I am writing a program that will take a multitude of data, such as chlorophyll levels, water temperature, nitrogen/phosphorous levels, etc., in order to predict the growth of algae in a body of water. There are many factors that could affect the growth of algae. Because of this, I do not know which application I should use in the Scikit-learn library in order to accommodate all of the different columns. The algae level is one of the columns. To be more specific, there are 17 other columns that I want to account for (Half of which are identifiers for if the data is likely to be incorrect). What should I use in order to account for all of the columns?


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Your problem is not well defined. I suppose you want to estimate/predict the growth based on some explanatory variables, so $y(X)$. First you need to define what $y$ actually is, an (absolute) amount or a growth rate?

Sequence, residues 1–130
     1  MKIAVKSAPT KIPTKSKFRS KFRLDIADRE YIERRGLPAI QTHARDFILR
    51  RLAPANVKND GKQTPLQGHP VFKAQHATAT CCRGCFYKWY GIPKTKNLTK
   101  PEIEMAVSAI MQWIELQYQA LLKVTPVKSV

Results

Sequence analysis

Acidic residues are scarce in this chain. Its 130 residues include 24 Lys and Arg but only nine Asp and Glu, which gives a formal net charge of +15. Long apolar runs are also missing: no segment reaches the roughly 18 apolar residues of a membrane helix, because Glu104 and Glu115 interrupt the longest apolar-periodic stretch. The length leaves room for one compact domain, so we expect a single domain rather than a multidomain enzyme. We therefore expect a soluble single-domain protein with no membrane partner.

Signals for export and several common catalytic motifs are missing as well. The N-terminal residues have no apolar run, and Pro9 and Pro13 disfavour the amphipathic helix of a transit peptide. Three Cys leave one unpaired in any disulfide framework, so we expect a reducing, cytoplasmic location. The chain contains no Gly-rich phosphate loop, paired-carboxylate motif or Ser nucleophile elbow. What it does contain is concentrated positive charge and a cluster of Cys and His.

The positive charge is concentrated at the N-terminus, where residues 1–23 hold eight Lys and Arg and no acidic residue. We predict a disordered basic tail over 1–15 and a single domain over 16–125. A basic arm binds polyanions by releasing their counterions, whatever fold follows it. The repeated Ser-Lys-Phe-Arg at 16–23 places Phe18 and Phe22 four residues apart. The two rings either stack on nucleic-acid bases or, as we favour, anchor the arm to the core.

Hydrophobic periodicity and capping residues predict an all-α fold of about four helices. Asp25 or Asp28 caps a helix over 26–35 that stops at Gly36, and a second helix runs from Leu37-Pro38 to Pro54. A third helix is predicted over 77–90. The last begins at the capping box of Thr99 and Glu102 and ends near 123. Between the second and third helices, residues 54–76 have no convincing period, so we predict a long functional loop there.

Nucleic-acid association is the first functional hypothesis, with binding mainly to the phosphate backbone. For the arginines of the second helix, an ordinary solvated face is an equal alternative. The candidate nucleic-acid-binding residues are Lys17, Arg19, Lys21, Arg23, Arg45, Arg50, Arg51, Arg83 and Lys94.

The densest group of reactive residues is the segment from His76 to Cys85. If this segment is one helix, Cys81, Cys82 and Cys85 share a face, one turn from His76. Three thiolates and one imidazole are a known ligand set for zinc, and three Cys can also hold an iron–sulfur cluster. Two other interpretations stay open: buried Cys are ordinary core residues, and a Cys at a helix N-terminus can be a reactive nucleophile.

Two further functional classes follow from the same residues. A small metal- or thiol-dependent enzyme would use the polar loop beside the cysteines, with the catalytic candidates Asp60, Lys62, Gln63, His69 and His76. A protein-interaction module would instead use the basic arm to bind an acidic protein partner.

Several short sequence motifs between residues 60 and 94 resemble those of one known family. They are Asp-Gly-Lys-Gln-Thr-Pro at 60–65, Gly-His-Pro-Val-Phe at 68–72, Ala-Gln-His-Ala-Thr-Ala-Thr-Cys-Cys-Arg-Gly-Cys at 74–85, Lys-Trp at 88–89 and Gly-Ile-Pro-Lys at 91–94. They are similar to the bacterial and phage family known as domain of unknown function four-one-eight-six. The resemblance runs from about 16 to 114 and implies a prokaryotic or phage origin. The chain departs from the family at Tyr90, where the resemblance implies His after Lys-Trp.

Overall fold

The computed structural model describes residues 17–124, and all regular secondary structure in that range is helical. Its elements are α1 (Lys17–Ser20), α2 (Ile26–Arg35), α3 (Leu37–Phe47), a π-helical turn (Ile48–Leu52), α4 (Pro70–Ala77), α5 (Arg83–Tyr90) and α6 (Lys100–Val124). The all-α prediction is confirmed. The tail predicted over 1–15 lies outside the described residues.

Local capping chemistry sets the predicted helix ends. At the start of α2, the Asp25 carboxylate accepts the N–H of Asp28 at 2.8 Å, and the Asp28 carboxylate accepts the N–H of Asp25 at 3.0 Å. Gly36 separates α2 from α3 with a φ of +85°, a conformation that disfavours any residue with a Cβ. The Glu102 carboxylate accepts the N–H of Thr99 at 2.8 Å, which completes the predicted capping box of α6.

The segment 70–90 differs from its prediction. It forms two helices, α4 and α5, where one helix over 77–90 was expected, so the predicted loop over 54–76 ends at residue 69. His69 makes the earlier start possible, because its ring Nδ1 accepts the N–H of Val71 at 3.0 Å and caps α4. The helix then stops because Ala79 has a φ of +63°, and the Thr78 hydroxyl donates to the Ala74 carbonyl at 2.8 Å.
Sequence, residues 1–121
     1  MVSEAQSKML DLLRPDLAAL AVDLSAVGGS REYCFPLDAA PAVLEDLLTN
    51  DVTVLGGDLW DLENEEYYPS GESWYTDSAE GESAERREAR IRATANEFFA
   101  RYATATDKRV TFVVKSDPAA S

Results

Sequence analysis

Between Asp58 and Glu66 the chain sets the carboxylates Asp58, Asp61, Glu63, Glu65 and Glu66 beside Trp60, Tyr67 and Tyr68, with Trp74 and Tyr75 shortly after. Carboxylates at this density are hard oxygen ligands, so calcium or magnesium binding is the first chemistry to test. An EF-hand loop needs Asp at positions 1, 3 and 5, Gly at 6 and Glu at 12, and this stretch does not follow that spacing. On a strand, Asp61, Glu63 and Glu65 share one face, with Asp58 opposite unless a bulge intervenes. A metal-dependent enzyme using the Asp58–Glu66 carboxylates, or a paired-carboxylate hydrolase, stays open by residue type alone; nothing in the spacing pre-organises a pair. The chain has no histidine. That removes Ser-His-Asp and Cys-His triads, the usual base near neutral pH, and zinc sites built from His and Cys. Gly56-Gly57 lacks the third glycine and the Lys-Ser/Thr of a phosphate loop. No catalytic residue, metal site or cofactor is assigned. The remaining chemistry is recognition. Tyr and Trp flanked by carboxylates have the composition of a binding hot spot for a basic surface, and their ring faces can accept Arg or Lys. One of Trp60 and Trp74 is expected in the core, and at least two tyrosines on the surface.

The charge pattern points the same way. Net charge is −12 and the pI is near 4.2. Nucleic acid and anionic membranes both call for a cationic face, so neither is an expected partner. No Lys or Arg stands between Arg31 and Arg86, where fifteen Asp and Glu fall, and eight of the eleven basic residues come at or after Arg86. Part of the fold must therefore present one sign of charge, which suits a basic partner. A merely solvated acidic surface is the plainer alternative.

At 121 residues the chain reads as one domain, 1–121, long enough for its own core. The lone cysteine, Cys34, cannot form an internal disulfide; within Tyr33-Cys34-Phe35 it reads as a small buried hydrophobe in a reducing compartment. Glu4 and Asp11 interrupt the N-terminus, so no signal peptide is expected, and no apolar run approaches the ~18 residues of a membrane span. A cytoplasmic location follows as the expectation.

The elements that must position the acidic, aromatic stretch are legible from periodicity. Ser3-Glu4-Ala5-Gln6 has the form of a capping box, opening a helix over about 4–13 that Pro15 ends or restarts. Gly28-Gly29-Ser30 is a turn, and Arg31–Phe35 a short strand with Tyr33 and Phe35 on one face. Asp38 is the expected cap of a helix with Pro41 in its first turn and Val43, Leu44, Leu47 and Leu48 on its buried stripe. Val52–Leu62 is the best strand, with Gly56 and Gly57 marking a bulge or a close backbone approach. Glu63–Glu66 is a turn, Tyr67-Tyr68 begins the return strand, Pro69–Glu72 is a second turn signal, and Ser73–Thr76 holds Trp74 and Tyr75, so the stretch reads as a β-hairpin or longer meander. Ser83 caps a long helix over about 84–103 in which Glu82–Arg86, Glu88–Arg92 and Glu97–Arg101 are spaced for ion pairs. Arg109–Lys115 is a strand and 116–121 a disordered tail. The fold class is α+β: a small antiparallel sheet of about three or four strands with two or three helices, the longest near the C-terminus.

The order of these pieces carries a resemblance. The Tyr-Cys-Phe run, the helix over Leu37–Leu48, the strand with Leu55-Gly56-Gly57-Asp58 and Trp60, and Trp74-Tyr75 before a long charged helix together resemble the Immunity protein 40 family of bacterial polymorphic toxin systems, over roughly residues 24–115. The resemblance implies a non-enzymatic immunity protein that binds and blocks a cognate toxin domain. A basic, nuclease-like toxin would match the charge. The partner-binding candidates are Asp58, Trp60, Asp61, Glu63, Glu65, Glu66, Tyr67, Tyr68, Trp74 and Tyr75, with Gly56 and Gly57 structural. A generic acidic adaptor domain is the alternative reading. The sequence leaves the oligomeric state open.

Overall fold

You can for instance formulate a linear model like:

$$y = \beta_0 + \beta_1 + X + u$$ to measure the absolute amount of $y$ contingent on some $X$. Alternatively, you can also look at how $y$ changes, when $X$ changes by using a $log$ transformation on either $y$ or $X$. See this for more details. To apply such models, you would generally use linear regression.

However, if you are simply up to making a prediction (and you are not necessarily interested in interpreting regression coefficients in order to find average marginal effects of $X$ on $y$), you can use many different model types in sklearn.

It is standard to include several explanatory variables ($X$), so this is not an issue. See the various sklearn examples, such as this one.

If you are simply up to prediction, you may start with a random forest regression (since this is most robust and often works well). First, split your data into a train and test set. Second, run a random forest on the train set, Third, test your model based on the test set.


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